Forests, and particularly indigenous forests, support a substantial proportion of the planet’s biological diversity and terrestrial species. The biological diversity and sustainability of forest ecosystems may depend on forest size, diversity, ownership stability and the values placed on ecosystem services. 

Forest size and diversity

The sustainability and stability of forest ecosystems may depend on their size and diversity. Human activities and natural processes can reduce biological diversity by altering and fragmenting habitats, introducing invasive species, or reducing the population or ranges of species.

The total forested area of New Zealand is a little over 10 million hectares:

  • 6.8 million hectares tall indigenous forest
  • 1.2 million hectares regenerating forest
  • 2.1 million hectares plantation forest.

Forest area and percentage by forest class

Plantation forests expanded steadily through to the early 2000s, but have since shown a small (about 3 percent) decline as some existing plantations are converted to agriculture, notably dairy farming. Decline in forest area may mean forests become vulnerable to habitat degradation and loss.

Over the last decade areas of some forest species have declined:

  • radiata pine by 4.7 percent (76 700 hectares)
  • eucalypts by 38 percent (13 400 hectares)
  • other exotic hardwood species by 35 percent (6800 hectares)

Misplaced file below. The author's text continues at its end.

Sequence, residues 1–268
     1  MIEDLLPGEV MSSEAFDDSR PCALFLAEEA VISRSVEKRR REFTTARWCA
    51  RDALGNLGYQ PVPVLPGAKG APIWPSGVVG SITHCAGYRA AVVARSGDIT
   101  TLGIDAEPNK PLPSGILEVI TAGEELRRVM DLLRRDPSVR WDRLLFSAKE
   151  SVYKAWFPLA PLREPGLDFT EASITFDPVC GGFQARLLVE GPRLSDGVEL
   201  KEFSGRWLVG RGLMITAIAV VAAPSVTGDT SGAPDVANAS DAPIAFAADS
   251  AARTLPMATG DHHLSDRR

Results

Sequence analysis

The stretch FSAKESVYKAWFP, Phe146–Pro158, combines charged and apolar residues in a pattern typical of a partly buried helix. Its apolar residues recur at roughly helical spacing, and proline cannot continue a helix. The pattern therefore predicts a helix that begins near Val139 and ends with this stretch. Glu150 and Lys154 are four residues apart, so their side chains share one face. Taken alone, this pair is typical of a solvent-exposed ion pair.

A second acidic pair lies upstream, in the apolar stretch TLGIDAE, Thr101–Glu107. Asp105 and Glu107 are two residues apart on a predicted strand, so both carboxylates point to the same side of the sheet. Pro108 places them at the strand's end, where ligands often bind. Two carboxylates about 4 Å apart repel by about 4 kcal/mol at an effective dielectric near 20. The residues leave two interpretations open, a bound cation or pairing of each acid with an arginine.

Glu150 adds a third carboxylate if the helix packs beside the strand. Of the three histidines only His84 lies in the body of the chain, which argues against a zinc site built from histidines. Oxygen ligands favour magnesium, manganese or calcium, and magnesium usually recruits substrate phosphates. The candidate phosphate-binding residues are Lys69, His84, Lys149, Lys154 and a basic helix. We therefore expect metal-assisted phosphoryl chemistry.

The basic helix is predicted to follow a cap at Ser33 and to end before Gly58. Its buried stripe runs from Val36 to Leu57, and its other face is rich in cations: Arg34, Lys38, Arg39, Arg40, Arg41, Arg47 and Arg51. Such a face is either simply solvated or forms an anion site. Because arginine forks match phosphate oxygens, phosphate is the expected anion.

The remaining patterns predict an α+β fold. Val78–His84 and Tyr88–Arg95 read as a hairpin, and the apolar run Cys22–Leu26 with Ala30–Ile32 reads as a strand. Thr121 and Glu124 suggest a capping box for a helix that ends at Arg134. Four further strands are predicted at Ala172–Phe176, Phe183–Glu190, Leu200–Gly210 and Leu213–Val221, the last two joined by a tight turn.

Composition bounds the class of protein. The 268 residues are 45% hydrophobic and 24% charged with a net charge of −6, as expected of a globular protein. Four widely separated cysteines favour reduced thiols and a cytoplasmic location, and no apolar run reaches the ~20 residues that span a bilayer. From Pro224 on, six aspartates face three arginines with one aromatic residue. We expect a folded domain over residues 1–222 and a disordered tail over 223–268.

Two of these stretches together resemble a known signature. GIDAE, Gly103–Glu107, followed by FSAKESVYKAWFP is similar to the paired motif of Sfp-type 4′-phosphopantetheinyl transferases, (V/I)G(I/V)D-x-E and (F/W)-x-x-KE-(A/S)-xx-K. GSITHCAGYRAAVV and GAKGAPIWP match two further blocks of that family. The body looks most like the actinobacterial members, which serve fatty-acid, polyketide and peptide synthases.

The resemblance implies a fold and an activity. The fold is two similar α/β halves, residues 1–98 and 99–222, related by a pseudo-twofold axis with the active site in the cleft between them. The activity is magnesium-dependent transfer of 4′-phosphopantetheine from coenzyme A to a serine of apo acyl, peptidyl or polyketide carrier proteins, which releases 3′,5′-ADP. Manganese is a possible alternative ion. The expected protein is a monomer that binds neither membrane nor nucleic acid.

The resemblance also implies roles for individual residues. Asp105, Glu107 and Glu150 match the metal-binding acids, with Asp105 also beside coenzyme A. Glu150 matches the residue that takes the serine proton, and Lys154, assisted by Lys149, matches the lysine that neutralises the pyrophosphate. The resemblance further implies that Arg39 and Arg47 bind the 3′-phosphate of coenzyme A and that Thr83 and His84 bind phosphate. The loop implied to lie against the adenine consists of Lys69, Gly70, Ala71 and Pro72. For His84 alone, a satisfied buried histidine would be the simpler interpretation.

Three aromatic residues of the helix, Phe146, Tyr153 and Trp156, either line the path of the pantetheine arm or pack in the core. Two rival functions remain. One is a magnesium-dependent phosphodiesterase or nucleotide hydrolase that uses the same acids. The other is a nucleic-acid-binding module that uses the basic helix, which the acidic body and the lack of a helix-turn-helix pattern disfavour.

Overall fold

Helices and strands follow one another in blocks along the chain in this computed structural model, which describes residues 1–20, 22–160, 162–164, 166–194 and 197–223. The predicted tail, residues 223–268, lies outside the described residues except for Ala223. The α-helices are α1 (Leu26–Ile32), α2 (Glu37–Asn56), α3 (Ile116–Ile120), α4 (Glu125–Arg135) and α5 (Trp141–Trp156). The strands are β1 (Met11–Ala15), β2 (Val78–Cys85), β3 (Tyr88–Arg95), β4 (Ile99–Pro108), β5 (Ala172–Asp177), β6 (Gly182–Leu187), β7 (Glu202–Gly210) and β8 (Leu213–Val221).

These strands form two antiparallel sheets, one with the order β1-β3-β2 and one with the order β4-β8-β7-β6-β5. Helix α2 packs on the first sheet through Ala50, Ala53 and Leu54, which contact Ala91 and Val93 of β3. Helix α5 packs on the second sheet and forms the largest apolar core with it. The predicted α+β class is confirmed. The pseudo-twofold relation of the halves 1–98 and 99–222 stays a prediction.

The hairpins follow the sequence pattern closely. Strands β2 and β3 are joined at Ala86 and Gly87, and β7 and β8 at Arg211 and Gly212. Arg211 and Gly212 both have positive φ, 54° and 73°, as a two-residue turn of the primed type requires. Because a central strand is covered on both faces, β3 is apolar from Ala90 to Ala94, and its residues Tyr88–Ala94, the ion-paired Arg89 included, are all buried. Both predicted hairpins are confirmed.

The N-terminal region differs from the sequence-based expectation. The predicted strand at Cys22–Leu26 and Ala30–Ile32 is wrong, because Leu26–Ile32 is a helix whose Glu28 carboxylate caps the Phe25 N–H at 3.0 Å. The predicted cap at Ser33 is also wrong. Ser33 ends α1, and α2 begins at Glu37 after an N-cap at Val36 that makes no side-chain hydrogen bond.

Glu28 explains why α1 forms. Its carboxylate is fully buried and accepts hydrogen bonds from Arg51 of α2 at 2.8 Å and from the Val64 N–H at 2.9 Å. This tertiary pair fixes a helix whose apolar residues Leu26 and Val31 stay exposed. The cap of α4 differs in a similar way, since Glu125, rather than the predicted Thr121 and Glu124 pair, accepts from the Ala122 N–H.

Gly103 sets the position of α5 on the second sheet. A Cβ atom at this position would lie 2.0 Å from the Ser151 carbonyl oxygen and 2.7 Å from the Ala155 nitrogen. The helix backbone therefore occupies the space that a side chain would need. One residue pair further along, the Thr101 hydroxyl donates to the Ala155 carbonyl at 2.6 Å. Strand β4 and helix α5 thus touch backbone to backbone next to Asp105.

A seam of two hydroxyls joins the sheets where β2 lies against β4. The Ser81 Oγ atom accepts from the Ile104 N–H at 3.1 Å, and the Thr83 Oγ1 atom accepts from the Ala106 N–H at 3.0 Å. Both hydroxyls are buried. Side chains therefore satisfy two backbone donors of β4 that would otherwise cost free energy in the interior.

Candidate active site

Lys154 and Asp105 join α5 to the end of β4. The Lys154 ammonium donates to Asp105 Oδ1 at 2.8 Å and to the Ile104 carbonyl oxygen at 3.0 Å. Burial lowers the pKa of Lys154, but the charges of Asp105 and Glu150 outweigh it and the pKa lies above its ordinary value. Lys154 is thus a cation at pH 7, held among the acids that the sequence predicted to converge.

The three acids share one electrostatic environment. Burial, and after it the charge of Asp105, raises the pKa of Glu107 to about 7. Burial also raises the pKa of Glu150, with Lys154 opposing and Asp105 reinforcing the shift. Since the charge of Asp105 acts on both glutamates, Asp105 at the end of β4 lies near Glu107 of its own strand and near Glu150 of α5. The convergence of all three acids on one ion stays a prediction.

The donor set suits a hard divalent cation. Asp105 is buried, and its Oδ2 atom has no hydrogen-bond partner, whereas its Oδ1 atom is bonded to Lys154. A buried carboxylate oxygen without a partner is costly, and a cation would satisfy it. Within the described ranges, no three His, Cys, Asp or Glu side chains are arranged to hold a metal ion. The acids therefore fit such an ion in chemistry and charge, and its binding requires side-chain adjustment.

• other exotic softwoods by 13 percent (3700 hectares).

Conversely the area of Douglas-fir has increased marginally (2.4 percent), and there has been a substantial (about 70 percent) increase in cypress plantings, albeit from a low base.

Forest ownership types

While most tall indigenous forests (76 percent) remain in public ownership, large areas of plantation forest have shifted from publicly listed companies to various forms of private ownership over the last decade.

Ecosystem services

New Zealanders recognise a wide range of values associated with both indigenous and plantation forests including:

  • biodiversity at the species and ecosystem levels, and the ability of ecosystems to function in a healthy state
  • access to non-polluted drinking water catchments and waterways
  • the contributions forests make to soil conservation and carbon sinks
  • wild animal hunting and the cultural harvest of plant species.

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